Chavez is not the only current populist leader (or neo-populist as they are being referred to) in South America. There are many others like Evo Morales and the Kirchners. However another populist president is Colombia’s Alvaro Uribe. A leader that due to his right wing tendencies seems to be overlooked as a populist by many. It is important to note that there is no clear definition for populism. The definition is rather flimsy like the idea itself. But one can say that most definitions emphasize that it can be both a political philosophy and/or rhetorical style that a candidate uses to essentially garnish “all around” support.
From both a philosophy and rhetorical point of view it is usually but an appeal to the current emotion and worries of people. This can be seen as a call for change and progress but usually just ends up being a successful rhetorical device to gain power. Since populists will only rise when a nation is in a state of despair. The problem is in my opinion that these leaders (at least in Latin America) do not usually fix the problems. It is also important to note that populists exist in either the left or right wing political spectrum. This is particularly significant because in Latin America there is a current wave of left wing populists, and this is precisely why Colombia’s conservative populist Alvaro Uribe has been overlooked.
Uribe certainly has a very different ideology than Chavez, but his success in extending his years of governance allows us to infer that he has also employed similar populist tactics to maintain himself in power. Even though both leaders will have to step down after their current terms. It is important to notice that there has been speculation about how both are trying to find out ways to change the electoral laws of their respective countries. In order for them to be allowed to run again.
This has been made complicated for Chavez with the Venezuela people’s rejection of constitutional reforms on December 2007. However, Chavez has been working hard to find out other ways with in the law to achieve this even after the Venezuelan people’s rejection. It has been made harder for Uribe because of the ongoing “Parapolitica” scandal involving members of his party and family. Some have even speculated that this scandal will soon directly involve him as well.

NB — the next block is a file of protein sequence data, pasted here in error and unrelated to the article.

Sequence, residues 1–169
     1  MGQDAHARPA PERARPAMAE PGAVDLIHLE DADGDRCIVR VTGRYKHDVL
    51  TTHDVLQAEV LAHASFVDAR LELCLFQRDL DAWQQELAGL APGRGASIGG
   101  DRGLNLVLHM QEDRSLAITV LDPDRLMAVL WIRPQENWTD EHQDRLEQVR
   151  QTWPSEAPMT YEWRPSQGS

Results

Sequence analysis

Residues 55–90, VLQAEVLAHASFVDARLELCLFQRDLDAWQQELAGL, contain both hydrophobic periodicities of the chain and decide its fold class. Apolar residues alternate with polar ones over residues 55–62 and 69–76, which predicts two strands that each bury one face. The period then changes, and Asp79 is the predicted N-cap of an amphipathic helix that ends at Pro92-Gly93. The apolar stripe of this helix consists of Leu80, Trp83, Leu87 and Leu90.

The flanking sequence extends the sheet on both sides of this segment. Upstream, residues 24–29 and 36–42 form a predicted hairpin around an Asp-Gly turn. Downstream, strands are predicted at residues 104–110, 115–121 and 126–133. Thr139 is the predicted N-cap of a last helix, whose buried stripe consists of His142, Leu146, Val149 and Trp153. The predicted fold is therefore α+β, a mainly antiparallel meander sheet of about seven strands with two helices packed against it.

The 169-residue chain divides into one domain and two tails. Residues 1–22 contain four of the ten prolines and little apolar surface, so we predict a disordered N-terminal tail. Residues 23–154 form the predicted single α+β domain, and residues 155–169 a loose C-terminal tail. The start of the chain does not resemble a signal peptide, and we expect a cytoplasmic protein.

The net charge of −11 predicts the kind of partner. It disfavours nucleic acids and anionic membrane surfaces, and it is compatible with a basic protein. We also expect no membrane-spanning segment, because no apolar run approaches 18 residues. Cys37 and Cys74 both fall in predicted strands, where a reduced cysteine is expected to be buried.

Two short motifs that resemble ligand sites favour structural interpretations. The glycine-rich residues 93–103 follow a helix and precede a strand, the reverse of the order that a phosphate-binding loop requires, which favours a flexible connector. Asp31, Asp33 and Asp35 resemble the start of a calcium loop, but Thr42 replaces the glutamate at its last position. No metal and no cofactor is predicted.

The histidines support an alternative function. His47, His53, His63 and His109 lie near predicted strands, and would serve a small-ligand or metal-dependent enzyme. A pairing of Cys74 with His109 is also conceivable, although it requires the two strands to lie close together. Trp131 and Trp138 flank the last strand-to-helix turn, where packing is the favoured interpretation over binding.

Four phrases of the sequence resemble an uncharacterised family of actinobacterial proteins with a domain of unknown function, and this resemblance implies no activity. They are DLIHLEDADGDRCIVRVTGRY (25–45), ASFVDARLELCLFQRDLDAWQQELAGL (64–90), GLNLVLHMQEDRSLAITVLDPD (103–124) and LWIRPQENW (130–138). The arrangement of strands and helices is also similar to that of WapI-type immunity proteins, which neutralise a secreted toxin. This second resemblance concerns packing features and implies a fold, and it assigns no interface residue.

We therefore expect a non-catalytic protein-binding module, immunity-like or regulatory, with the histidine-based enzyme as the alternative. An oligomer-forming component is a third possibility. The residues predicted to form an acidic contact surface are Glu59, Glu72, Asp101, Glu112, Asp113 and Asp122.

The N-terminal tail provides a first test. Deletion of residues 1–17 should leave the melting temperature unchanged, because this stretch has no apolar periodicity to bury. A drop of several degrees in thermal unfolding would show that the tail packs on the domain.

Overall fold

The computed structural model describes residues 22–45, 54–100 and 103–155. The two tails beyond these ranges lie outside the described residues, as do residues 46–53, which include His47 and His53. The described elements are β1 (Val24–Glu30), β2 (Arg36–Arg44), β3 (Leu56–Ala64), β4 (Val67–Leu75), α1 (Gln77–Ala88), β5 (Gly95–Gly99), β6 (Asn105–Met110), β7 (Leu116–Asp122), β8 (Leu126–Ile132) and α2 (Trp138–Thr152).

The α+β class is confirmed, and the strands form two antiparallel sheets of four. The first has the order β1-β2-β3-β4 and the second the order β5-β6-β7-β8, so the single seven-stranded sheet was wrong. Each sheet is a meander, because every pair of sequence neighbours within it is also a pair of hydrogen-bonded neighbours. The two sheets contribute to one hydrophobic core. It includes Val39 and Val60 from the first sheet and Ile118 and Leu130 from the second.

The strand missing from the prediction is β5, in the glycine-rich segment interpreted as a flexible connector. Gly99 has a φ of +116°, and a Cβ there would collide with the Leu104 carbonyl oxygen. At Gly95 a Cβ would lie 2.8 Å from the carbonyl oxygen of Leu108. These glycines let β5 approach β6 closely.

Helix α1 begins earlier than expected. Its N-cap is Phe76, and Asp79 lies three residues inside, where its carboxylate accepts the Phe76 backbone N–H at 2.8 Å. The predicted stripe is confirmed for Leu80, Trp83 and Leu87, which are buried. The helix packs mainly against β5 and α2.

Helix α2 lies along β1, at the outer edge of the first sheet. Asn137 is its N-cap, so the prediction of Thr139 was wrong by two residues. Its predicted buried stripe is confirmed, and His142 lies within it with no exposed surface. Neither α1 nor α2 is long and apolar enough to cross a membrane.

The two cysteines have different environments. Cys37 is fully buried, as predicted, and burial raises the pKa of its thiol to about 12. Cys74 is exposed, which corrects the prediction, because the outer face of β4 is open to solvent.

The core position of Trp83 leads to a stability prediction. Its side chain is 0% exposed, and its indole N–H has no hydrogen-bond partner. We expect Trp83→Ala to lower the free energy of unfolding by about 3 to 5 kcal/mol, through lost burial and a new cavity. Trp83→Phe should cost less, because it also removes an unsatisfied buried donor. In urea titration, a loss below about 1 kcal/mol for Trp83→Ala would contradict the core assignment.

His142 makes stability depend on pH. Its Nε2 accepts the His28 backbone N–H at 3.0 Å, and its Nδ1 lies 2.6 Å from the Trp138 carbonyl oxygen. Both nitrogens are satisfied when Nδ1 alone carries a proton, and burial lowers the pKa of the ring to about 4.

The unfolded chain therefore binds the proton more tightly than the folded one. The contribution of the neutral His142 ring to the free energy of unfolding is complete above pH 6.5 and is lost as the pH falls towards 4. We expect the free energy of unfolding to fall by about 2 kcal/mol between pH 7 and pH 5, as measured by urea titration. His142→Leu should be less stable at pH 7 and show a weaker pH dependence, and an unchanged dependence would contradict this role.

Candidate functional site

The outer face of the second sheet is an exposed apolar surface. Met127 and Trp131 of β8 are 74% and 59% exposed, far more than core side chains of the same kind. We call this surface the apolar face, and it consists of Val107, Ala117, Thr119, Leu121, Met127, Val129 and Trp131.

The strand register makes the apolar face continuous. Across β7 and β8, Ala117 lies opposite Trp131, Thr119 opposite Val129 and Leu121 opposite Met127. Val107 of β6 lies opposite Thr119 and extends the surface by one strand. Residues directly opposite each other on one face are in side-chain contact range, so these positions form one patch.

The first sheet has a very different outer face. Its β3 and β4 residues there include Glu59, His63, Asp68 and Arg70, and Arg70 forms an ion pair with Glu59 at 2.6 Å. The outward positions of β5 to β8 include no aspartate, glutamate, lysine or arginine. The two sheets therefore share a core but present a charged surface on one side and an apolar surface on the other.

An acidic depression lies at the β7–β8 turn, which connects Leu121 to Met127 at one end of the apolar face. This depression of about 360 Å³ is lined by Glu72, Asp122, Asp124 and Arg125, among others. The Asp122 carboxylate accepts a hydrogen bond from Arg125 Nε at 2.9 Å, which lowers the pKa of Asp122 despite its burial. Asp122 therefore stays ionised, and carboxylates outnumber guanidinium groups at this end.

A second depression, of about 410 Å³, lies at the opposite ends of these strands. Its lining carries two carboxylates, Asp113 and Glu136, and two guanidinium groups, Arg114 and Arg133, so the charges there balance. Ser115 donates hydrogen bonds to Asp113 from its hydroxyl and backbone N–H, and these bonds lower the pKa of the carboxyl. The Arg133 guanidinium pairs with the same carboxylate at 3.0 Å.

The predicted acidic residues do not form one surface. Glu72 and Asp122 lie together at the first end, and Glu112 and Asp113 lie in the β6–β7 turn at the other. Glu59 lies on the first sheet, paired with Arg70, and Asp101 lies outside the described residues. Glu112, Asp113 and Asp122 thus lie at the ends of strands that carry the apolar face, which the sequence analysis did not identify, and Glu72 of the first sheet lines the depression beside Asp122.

Uribe like Chavez has also an autocratic flare. He has gained his support due to his strong stance against the many guerrilla groups in Colombia. Particularly the largest active guerilla group: The Revolutionary Armed Forces of Colombia (FARC.) But the sad reality is that the FARC guerrilla army will continue to remain in Colombia for a very long time. Any talk of them going away is as silly as when the Bush administration claims that the insurgency in Iraq is close to being defeated. There is no sign that the conflict that started more than 40 years ago will end anytime soon even with Uribe’s tough military approach. However, I can only hope that it does end, as a citizen of the neighboring country who suffers the spillover effect of Colombia’s mismanagement of their guerrilla problem.
That is why when Uribe accused the Venezuelan and Ecuadorian governments of assisting and providing refuge to the FARC. I could only interpret it as yet another populist leader using foreign countries as an escape goat to hide his domestic failures. Although Chavez has certainly shown his sympathy towards the FARC (a sympathy that I particularly abhor) I find it tough to believe that he would finance them directly or that Ecuador would allow them refuge. Historically speaking the FARC has been very strong and have never really needed any sort of foreign government assistance to survive. Particularly with their highly lucrative but criminal dealings with the illicit drug industry in Colombia. The truth of the matter is that Uribe cannot eradicate the guerrilla group just like all the other presidents of Colombia before him. All other countries in South America have successfully eradicated their guerrilla groups through a "stick and carrot" strategy. Sometimes even with a lot more "stick" than "carrot" as it was the case in Venezuela and Peru. Colombia must use the "stick and carrot" method and not just the "stick method" because with no constructive dialogue their civil war will just go on forever.